Like any failed relationship, there is often the opportunity for redemption, unless you have done something so catastrophically awful that there is no going back. If you want to get your customers back, you need to regain their trust. Always easier said than done.

To do this you need to listen to what they are saying and then take action to resolve their complaints. Often companies spend time listening, either through social media or through surveys, only to decide the customer is wrong and doesn’t know what they are talking about. If your turnover or profit has steadily been decreasing this is probably a good indication that your customers are giving you valuable feedback that you need to take on-board.

Google and Amazon sneak attacks

Two companies which are cited as “sneak attack” success stories are Amazon and Google. It is important to remember that this book was written in 2011 and both companies have evolved incredibly since then. The points that are made, however, are still valid. Google, employed a smart strategy to gain market space and the use and development of Android was incredibly smart. The Google model, largely, remains unchanged. Give away top performing products for free and generate revenue through successful advertising.

Everyone knew Amazon as the online bookseller, yet quickly, Amazon has become a data storage expert, online retailer and media broker (through Prime). All of this has happened quickly and the competition, time after time, has been slow to react. The vision statement has always reflected the broader ambition of Amazon and how it would be achieved: “the world’s most customer centric company”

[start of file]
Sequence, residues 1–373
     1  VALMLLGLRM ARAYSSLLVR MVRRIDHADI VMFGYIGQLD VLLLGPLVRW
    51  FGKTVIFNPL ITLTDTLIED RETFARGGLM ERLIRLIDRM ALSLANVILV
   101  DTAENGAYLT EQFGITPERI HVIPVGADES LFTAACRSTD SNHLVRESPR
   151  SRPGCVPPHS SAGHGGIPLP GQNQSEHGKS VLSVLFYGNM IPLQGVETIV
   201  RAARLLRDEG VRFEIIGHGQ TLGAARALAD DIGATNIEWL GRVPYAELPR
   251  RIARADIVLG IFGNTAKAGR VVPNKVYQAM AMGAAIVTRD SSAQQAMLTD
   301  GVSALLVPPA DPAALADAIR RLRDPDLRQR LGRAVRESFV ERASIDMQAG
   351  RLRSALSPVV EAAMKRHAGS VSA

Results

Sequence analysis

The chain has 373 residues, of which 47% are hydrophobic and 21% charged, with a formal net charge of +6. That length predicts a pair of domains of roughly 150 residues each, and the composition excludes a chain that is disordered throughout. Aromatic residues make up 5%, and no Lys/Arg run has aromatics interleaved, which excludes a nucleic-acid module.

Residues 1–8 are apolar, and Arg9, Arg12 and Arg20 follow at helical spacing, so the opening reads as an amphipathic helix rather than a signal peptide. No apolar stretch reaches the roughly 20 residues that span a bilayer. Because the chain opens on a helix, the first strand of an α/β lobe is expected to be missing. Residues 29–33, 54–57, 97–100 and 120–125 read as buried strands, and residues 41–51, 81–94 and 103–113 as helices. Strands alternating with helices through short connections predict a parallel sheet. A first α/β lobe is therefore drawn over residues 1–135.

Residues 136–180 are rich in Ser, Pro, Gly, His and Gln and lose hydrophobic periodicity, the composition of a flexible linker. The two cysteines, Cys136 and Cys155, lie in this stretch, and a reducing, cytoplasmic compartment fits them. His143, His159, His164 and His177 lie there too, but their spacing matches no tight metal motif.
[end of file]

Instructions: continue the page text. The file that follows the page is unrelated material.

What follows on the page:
Patterns of failure

This is a small section in the book but an important one. We often focus on the success of companies, especially within a bubble. So now everything is about the sharing economy and scalable platforms. But it is also important to pay attention to the patterns of failure. Why have some competitors disappeared? What do they have in common? How can you stop your business coming down with the same affliction? It might be easy to cheer out a competitor, but those who excel in the future will use their mistakes as an opportunity to improve their business.

Lessons learned

I really liked the format employed across this book. Each chapter was neatly summarised by “lessons learned”. As expected the conclusion is that success comes from both luck and smarts. But, that generally, the harder you work and the better your strategy, the more luck will come your way. This is best summaries by Josh Billings:

As long as we are lucky we attribute it to our smartness; our bad luck we give the gods credit for



About Good Words Online

This blog was designed to be a home for all the content I’ve created over the years. It is a mix of book reviews, personal reflections and business learnings. There is no definitive way to live or work, we all make our own choices. I in no way think I am right about any particular subject. This is simply about sharing what I’ve learnt and creating an online reminder for myself.

The name, good words, has no religious references. We can’t be good all the time. Each of us will make mistakes. All we can do is try to learn from them and try and attempt to be a little better next time.